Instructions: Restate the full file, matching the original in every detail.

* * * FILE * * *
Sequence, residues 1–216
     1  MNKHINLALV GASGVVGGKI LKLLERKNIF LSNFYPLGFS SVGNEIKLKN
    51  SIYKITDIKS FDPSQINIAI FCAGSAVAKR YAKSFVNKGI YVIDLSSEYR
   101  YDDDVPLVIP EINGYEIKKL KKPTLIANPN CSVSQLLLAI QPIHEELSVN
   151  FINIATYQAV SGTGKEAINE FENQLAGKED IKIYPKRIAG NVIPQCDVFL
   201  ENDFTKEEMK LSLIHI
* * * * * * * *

Sequence, residues 1–216
     1  MNKHINLALV GASGVVGGKI LKLLERKNIF LSNFYPLGFS SVGNEIKLKN
    51  SIYKITDIKS FDPSQINIAI FCAGSAVAKR YAKSFVNKGI YVIDLSSEYR
   101  YDDDVPLVIP EINGYEIKKL KKPTLIANPN CSVSQLLLAI QPIHEELSVN
   151  FINIATYQAV SGTGKEAINE FENQLAGKED IKIYPKRIAG NVIPQCDVFL
   201  ENDFTKEEMK LSLIHI